Contemporary, realistic dramas continue to take center stage on TV and video streaming platforms, as historical costume and fantasy content takes a back seat under regulatory pressure. From the female-focused “Nothing But Thirty” (三十而已) and “Twenty Your Life On” (二十不惑) to suspense dramas that speak to human nature such as “The Bad Kids” (隐秘的角落), the hits of summer 2020 drew rave reviews and marked a turning point for new types of content.
White-collar workplace dramas are popular in China, with their aspirational takes on industries from law and real estate to public relations and fashion, and they provide an ideal platform for product placements and other brand integrations that can pair brands with the lifestyles of the upwardly mobile professionals portrayed in such series.
The latest buzzed-about offering in this genre is Dragon TV’s “Ordinary Glory” (平凡的荣耀), which is also airing on Zhejiang Satellite TV and streaming on Youku. A long-awaited remake of South Korean hit “Incomplete Life,” the Chinese version is set in a Shanghai investment firm and teams up a workaholic manager (played by Mark Chao) against an inexperienced newcomer, with conflict eventually turning into cooperation and success. Word-of-mouth has been driving viewership, with the series topping the rankings on various platforms.
Liquor brand Jinjiu has been drawing attention as the drama’s title sponsor thanks to its brand integration, which includes product placement (such as its appearance when characters are seen having meals) along with storylines that refer to the brand. The drama’s focus on the process of how young people adapt to high-stress work environments aligns with Jinjiu’s brand message of promoting health through ingredients that are inspired by traditional Chinese medicine.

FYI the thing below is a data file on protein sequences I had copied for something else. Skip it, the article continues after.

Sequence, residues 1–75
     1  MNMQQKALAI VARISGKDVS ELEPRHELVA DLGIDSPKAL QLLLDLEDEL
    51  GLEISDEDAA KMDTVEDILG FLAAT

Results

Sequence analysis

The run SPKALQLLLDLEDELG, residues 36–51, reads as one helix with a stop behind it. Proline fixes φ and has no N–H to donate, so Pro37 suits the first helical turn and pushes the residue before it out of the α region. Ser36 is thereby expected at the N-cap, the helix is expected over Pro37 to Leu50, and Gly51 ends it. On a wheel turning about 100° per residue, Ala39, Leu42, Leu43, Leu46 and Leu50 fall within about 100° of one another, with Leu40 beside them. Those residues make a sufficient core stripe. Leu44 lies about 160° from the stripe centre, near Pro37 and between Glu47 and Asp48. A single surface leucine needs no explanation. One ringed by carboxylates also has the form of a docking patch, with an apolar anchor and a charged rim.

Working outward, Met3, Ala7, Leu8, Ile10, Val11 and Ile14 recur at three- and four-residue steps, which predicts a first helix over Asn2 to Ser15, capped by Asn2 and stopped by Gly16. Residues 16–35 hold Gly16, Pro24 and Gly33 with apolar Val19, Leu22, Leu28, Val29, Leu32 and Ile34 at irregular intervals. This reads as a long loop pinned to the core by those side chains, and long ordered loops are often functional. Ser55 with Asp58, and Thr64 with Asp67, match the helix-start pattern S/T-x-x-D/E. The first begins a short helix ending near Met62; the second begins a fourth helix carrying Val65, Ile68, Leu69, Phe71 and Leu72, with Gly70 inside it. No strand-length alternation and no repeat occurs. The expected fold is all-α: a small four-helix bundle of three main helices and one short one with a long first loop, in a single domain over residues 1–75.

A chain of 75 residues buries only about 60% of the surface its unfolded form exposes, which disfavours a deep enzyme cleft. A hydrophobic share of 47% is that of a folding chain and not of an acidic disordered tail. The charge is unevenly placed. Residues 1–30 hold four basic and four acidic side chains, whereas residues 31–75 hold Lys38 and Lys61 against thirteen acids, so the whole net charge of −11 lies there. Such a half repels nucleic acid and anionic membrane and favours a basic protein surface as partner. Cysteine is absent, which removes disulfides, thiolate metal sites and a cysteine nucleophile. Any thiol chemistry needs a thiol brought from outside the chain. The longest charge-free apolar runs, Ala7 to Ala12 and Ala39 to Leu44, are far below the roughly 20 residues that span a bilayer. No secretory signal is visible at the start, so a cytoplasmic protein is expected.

Jiyoujia, Alibaba’s home improvement and decor platform, recently partnered with “Ordinary Glory” by appointing cast members as its new brand ambassadors. Actors Bai Jingting, Wei Daxun, and others participated in a livestream broadcast for Jiyoujia and filmed a promotional clip for Jiyoujia for Weibo to boost its exposure.
After some previous setbacks, iQiyi’s suspense-focused “Mist Theater” is back with an all-new suspense drama, “The Long Night” (沉默的真相), which has achieved a Douban score of 9.2 and more than 110,000 reviews, with many fans praising its film-like quality. Both “The Long Night” and Mist Theater’s earlier “The Bad Kids” are based on works by author Zijin Chen.
But although reviews have been strong for the series, which merges three intense storylines, fans have been less keen on the constant product placement and advertisement found within the show. Snack chain Bestore, Hozon Auto, self-heating hot pot brand Mo Xiaoxian, and Anmuxi yogurt are all sponsors for this suspense drama, and the incorporation of their marketing into the content has taken some aback, particularly when branded graphics appear on-screen during climactic scenes, distracting viewers at critical moments.
A report from Ent Data highlights some reasons why suspense dramas have taken off with Chinese audiences:
They tackle contemporary social problems head-on and spark debate on questions of values and beliefs, thereby increasing engagement with the audience.
With a sweet spot of 12 or so episodes per series for the suspense dramas, viewers may be more willing to try them out, as they require far less of a commitment than traditional series that run to 40 episodes or more.
– This article originally appeared on Content Commerce Insider.